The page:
Sailing in Cornwall
Sailing - North Cornwall Coast: PADSTOW
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THE EAST COAST
East Looe and West Looe stand on either side of a tidal river, together forming one of south east Cornwall's major tourist centres. One of the resort's outstanding attractions is a fine land-locked harbour formed by two rivers which unite just above the town, and there is an equally fine seven-arched. Bridge spanning the river and uniting the two communities. The harbour entrance is picked out by the distinctive banjo-shaped pier. The harbour itself is a drying one, and primarily caters for a fishing fleet of 35 boats and pleasure craft Looe is also notable for its dinghy sailing, the sailing club having hosted a series of national championships, and for its shark fishing. The Shark Angling Club of Great Britain has its headquarters here.
For small craft of up to 16ft the river is navigable at high water for perhaps 2 miles, though the river itself runs almost to Liskeard 9 miles to the north. For larger boats, the bridge provides an effective stop.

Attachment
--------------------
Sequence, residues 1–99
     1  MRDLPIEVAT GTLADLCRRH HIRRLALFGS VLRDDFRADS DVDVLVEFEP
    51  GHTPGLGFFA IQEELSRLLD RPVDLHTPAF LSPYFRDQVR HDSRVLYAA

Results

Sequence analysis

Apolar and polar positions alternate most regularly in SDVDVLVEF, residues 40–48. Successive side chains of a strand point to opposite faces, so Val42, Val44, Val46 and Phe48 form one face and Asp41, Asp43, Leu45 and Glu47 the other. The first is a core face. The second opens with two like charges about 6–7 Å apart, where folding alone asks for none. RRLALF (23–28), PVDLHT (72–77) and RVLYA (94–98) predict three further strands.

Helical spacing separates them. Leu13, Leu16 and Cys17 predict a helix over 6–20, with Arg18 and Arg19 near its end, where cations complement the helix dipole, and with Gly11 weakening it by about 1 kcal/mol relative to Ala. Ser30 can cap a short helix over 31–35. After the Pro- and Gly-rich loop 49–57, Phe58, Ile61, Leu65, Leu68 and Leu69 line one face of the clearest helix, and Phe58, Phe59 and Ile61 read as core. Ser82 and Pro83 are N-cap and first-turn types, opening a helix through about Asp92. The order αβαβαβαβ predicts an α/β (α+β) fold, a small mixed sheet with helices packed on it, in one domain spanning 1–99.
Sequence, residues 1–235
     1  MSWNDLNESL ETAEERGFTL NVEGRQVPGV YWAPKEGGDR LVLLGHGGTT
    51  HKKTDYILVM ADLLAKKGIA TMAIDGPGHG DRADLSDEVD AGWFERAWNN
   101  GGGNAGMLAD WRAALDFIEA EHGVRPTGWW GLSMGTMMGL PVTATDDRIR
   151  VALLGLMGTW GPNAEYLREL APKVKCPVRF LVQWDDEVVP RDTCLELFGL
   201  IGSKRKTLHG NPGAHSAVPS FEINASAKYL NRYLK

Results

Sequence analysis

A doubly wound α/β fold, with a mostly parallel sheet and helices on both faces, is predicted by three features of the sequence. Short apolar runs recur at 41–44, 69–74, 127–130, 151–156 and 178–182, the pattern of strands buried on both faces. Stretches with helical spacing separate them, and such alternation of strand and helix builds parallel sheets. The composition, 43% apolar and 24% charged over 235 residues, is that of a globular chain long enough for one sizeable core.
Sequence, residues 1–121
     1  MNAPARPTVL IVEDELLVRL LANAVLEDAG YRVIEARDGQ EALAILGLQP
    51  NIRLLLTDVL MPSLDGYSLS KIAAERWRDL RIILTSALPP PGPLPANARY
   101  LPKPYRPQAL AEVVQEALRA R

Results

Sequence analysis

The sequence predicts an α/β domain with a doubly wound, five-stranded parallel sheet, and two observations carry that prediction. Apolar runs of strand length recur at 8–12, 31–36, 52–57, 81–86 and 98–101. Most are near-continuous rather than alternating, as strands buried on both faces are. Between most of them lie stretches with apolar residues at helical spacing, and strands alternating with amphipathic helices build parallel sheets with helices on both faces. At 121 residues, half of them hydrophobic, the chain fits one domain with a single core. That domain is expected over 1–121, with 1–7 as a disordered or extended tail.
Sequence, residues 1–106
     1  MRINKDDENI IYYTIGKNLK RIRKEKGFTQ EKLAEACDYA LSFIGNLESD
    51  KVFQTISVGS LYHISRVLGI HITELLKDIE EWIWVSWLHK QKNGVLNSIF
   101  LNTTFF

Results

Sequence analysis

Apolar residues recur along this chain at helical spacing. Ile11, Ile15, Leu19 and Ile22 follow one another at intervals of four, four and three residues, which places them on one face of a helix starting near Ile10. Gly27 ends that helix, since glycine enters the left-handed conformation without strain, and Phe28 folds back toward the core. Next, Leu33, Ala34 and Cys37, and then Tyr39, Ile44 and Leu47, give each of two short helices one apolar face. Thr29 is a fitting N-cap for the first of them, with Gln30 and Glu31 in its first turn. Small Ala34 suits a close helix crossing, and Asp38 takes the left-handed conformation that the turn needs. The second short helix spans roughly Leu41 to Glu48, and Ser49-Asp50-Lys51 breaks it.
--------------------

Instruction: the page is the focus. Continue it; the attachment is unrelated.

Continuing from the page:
The town is well supplied with shops and facilities, but no great provision is made for visiting yachters.
Landlocked, drying harbour, largely used by fishing boats and other commercial craft and by pleasure craft. Looe Island - also known as St. George's Island - lies 300 metres from the harbour entrance, but approach and entry remain uncomplicated.
Quayside berth on port-hand side, marked yellow, can cater for small boats further upriver. Commercial activities preclude anchorage in harbour middle.
Rocks to port side of harbour entrance and to west side of beaches are marked; flashing light at night. Nailzee Rock, close under cliffs, submerged at high tide, also marked.